That’s not to say the remark, however politically tinny, would hobble his shot at becoming the third member of his family to claim the presidency. Republican voters in the early nominating states generally feel that the economy is struggling under President Obama. (In fact, the economy has added roughly five times the number of jobs under Obama than under President George W. Bush and the unemployment rate is below the historical averages.) Jeb Bush continues to enjoy success in fundraising and establishment-minded Republicans still count him as one of their favored options.
It’s why Democrats have been unrelenting. “Jeb Bush’s economic plan seems to be demanding middle class Americans work longer, while refusing to do anything to actually help the middle class get ahead,” Democratic National Committee spokeswoman Holly Shulman said Thursday. “Raising the minimum wage? Nope. Ensuring women are paid equally for the long hours they work already? No comment. Repealing quality, affordable health care? Sure. I wonder how much harder Jeb Bush wants Americans to work—47% more?”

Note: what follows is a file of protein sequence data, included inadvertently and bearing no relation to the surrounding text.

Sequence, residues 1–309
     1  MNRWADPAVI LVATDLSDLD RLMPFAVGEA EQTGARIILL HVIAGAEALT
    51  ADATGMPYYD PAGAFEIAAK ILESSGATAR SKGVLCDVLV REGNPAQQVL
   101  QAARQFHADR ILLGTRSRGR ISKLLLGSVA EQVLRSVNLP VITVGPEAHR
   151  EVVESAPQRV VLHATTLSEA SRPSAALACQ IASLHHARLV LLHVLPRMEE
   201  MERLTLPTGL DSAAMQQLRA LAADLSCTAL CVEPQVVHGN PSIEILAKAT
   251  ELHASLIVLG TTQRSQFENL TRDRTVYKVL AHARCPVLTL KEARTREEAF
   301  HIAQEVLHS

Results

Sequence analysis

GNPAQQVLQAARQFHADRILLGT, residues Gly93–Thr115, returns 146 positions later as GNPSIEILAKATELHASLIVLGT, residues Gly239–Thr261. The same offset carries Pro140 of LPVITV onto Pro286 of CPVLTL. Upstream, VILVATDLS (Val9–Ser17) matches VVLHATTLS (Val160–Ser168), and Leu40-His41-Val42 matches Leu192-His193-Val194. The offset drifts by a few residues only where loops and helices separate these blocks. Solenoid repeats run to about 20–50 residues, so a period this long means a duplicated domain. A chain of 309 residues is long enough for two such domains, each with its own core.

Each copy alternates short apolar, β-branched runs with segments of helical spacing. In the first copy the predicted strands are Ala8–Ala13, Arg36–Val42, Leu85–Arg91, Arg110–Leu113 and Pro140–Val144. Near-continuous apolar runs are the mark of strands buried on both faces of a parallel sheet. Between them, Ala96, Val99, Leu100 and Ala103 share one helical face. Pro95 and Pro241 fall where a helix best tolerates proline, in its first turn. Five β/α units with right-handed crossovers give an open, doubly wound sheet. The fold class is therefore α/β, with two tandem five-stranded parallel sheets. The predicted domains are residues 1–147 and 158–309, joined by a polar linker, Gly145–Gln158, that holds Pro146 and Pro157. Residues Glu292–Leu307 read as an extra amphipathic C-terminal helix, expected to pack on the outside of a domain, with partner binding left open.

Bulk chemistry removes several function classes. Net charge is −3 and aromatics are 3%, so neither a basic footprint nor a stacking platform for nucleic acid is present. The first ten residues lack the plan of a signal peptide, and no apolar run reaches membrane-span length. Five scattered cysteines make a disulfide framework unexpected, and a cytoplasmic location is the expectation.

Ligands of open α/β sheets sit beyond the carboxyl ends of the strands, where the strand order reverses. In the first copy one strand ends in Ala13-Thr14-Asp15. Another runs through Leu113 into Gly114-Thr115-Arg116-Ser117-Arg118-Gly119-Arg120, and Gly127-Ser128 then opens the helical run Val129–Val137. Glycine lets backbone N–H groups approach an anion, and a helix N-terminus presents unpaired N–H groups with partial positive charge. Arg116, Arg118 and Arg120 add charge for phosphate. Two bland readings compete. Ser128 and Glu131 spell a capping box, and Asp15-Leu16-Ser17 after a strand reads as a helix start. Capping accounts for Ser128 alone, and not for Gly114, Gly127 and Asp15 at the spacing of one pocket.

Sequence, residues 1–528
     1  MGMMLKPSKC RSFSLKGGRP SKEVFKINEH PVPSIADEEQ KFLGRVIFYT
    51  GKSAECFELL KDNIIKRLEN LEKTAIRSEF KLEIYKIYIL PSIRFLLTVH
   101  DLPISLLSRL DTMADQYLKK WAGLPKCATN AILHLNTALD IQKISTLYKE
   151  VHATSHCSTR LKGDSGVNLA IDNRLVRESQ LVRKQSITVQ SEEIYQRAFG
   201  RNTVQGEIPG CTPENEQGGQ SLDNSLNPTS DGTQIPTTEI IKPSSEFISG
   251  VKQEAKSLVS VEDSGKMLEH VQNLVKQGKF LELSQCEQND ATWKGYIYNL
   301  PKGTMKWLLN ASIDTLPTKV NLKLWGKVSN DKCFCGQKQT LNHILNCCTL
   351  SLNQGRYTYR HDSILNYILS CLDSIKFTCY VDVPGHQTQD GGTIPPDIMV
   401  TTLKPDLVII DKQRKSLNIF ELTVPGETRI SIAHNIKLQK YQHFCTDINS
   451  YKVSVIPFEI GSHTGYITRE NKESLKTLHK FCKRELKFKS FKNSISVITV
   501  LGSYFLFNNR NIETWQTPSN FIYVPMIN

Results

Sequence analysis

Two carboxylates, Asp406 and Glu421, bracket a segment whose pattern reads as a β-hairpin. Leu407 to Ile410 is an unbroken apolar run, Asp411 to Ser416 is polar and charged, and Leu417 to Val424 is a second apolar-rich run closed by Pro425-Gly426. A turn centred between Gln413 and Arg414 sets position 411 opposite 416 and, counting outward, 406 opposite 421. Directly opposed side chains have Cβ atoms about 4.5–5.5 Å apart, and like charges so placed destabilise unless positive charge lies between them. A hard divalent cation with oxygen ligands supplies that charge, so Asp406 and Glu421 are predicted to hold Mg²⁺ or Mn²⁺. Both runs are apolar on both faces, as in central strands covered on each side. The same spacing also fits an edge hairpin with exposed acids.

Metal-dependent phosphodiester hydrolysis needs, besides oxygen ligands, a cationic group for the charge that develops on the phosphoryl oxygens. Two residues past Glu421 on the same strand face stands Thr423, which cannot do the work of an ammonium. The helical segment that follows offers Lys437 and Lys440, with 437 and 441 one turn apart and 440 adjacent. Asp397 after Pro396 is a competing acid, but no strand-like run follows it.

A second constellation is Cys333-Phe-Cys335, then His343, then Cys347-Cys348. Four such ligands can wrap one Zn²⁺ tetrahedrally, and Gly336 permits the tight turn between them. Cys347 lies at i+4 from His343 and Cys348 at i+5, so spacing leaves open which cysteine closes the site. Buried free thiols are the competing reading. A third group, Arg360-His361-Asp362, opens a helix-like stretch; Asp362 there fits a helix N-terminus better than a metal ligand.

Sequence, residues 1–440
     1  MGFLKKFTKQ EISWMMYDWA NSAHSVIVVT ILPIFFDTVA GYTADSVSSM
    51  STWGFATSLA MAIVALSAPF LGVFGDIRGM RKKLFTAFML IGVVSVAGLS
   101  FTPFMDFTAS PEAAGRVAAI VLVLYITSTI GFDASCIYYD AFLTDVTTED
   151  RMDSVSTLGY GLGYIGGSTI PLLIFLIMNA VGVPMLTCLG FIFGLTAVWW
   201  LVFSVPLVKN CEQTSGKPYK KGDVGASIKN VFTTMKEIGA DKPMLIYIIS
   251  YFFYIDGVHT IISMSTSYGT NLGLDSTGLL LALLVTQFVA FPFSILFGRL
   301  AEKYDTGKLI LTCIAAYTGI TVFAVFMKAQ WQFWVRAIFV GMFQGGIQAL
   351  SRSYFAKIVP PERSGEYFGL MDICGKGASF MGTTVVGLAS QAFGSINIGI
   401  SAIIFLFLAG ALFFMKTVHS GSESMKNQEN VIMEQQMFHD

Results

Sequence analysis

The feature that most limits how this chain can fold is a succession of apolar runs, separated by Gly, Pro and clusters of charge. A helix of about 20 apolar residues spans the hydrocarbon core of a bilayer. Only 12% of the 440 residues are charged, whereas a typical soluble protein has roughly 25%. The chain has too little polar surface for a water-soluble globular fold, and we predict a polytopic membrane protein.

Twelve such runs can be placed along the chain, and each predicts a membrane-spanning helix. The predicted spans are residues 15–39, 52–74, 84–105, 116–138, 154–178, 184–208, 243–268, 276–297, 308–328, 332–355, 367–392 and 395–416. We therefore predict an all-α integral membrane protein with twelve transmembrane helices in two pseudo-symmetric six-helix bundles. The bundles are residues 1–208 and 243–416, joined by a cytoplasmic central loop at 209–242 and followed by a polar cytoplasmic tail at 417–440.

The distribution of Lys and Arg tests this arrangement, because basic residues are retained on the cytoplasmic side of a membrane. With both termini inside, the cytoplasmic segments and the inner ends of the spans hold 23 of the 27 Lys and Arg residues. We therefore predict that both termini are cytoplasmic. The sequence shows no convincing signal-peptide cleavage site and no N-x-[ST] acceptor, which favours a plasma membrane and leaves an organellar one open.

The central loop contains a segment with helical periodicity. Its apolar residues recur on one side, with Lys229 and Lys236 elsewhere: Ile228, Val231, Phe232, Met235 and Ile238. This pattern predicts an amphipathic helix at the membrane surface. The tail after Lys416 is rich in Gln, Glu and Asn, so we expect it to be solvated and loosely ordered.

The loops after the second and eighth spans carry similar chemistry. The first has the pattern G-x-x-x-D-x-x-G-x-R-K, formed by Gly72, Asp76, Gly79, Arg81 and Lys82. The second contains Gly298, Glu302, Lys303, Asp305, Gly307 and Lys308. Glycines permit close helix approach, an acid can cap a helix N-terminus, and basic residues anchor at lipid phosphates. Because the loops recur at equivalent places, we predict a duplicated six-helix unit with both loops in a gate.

Yet Bush’s team instantly recognized the potential problem. Many of them worked through 2012 to amplify a similarly troublesome comment from Obama. During a campaign stop in Virginia three years ago, Obama said government works to provide services like firefighters and infrastructure like roads and the Internet. He then uttered this doozy, a favorite that 2012 GOP nominee Mitt Romney loved to repeat: “If you’ve got a business, you didn’t build that. Somebody else made that happen.”